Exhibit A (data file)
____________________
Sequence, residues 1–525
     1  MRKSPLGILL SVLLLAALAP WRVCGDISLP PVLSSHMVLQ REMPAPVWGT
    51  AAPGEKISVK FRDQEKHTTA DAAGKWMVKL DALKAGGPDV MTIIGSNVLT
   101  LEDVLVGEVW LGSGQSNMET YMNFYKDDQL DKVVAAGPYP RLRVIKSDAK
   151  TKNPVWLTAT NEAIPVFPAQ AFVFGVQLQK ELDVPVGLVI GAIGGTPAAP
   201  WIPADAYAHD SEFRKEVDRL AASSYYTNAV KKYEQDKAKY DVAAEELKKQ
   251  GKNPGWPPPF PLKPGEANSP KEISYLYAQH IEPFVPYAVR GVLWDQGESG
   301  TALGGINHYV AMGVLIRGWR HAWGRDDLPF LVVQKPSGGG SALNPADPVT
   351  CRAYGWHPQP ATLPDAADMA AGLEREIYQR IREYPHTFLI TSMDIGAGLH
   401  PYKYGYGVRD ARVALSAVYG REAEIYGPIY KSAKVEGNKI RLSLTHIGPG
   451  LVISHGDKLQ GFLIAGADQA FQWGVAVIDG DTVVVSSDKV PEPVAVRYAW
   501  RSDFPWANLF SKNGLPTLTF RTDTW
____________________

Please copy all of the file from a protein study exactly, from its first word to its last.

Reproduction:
Sequence, residues 1–525
     1  MRKSPLGILL SVLLLAALAP WRVCGDISLP PVLSSHMVLQ REMPAPVWGT
    51  AAPGEKISVK FRDQEKHTTA DAAGKWMVKL DALKAGGPDV MTIIGSNVLT
   101  LEDVLVGEVW LGSGQSNMET YMNFYKDDQL DKVVAAGPYP RLRVIKSDAK
   151  TKNPVWLTAT NEAIPVFPAQ AFVFGVQLQK ELDVPVGLVI GAIGGTPAAP
   201  WIPADAYAHD SEFRKEVDRL AASSYYTNAV KKYEQDKAKY DVAAEELKKQ
   251  GKNPGWPPPF PLKPGEANSP KEISYLYAQH IEPFVPYAVR GVLWDQGESG
   301  TALGGINHYV AMGVLIRGWR HAWGRDDLPF LVVQKPSGGG SALNPADPVT
   351  CRAYGWHPQP ATLPDAADMA AGLEREIYQR IREYPHTFLI TSMDIGAGLH
   401  PYKYGYGVRD ARVALSAVYG REAEIYGPIY KSAKVEGNKI RLSLTHIGPG
   451  LVISHGDKLQ GFLIAGADQA FQWGVAVIDG DTVVVSSDKV PEPVAVRYAW
   501  RSDFPWANLF SKNGLPTLTF RTDTW